I'm trying to find a supplier for pheromone traps. I am particularly interested in lilac/ash borer, peach borer and possibly other tree insects. I appreciate any information you can furnish. — Colorado
Two suppliers are Scentry Biologicals (800-735-5323; www.scentry.com) and Trece (www.trece.com; 831-758-0204). Check out their web sites, which provide extensive lists of pests for which they offer pheromone lures, including those you mentioned.
Alternately, you can try Gempler's, which carries products from both of these companies (www.gemplers.com; 800-382-8473).
One born every minute
I have a property with many trees producing suckers from the roots close to the base of the trees. I have tried everything I know to fix the problem. Can you tell me what causes the problem and how I might fix it? — Idaho
You basically have two options: physical removal and chemical treatment with a PGR.
Physical removal involves a great deal of labor if, as you say, you're dealing with a large number of trees. But if that's your choice, then at least try to remove the suckers while they're still young. They often can simply be rubbed or pulled off by hand while they're still soft and succulent. For one or a few trees, the manual option is probably the most practical.
The other option is to use a growth regulator with naphthalene acetic acid (NAA). Two brands I'm aware of are Sucker Stopper from Monterey Chemical and Tre-Hold from Amvac. NAA is an effective treatment that orchard growers have used for many years. It is fairly effective and more cost-efficient than hand labor for large numbers of trees.
NAA is registered for some of the more troublesome ornamental species, including crabapples, pears and olives, and its label language seems to allow treatment of other species not specifically listed. However, you will definitely want to use a small test spray to ensure safety on species not listed.
Roots close to or at the soil surface tend to sucker more. The problem also may be exacerbated by injuries, such as from mowers. Encourage deeper rooting with loose, well-aerated soil conditions and deep watering as much as possible.
However, some species tend to sucker naturally and such specimens are probably going to do it no matter what. For example, apples, plums and pears, olives, honeylocust and ailanthus, among many others, sucker prolifically.
Owner's manual recommendations give either hours or months for oil-change intervals. Do I still need to change my oil every 3 months even if the hours are low? — Michigan
Most commercial mowers have hour meters, and oil-change recommendations are typically based on hours, not elapsed weeks or months, so this is fairly straightforward. (Even equipment without hour meters still often recommend oil changes based on hours.)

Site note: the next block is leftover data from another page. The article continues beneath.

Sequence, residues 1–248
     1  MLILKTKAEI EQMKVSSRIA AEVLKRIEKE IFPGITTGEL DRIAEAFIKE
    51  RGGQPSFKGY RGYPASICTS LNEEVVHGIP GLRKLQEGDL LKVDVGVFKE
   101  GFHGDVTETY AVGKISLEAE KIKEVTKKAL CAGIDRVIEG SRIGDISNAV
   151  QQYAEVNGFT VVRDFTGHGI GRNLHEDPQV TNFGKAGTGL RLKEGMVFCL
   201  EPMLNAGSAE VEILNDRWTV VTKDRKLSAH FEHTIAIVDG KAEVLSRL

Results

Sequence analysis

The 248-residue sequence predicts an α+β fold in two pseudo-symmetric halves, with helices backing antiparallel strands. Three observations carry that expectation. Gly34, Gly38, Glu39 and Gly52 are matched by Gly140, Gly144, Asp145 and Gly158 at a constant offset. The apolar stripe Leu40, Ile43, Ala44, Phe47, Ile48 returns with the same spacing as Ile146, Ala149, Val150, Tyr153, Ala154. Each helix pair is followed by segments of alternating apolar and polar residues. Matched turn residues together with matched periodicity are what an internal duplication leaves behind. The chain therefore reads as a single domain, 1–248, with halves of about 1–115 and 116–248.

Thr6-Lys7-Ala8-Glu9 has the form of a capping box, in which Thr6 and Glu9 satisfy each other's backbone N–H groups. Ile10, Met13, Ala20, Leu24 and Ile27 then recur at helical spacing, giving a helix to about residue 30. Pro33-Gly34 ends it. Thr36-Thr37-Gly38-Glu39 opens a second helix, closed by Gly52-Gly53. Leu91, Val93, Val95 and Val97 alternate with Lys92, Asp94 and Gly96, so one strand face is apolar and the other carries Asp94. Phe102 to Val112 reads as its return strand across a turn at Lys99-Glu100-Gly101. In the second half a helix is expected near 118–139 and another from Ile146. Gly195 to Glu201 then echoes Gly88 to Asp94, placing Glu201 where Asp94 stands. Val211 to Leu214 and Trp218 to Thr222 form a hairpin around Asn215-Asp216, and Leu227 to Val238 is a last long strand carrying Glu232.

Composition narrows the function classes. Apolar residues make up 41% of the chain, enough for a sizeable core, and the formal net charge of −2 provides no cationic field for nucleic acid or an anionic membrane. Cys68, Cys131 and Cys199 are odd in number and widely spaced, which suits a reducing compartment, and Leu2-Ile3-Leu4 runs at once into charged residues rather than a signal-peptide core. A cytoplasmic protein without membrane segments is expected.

However, on-road vehicles usually give a months-or-miles oil change interval. Because of the variable nature of on-road driving, it's fairly easy for miles to remain low, while engine wear is high, such as with stop-and-go city driving. The time interval helps provide some insurance against such conditions.
One situation where you can ignore time intervals is when equipment or vehicles are put into storage. But be sure to put fresh oil into the engine before storage. Robert Sokol, an engine specialist with Intertec Technical Manuals, explains that oils contain additives such as detergents that help fight contaminants. There is a limited supply of these additives in oil, and when they are used up, as with dirty oil, the oil loses its ability to protect engine parts, even when engines are sitting idle. (Used oil can become acidic, causing corrosion of metal parts.)
However, fresh oil sitting idle — such as in stored equipment — will not deteriorate. That's why Sokol recommends an oil change before putting equipment in storage. This not only provides good protection during storage, but avoids another problem that Sokol sees periodically. Often, people neglect oil changes in the fall, thinking they'll have time to get to it in the spring. Then they forget to do so in the rush of business when mowing begins again. This is doubly bad, because not only has the engine sat all winter with old oil, it then undergoes additional wear as the engine is run with dirty oil mixed with water condensation that may have accumulated during storage.
Eric Liskey has a bachelor's degree in ornamental horticulture and a master's degree in botany. He has been licensed for pesticide advising and applications in California and Missouri, and has more than 10 years combined professional experience in landscape installation and maintenance, nursery retailing, pest management and botany.
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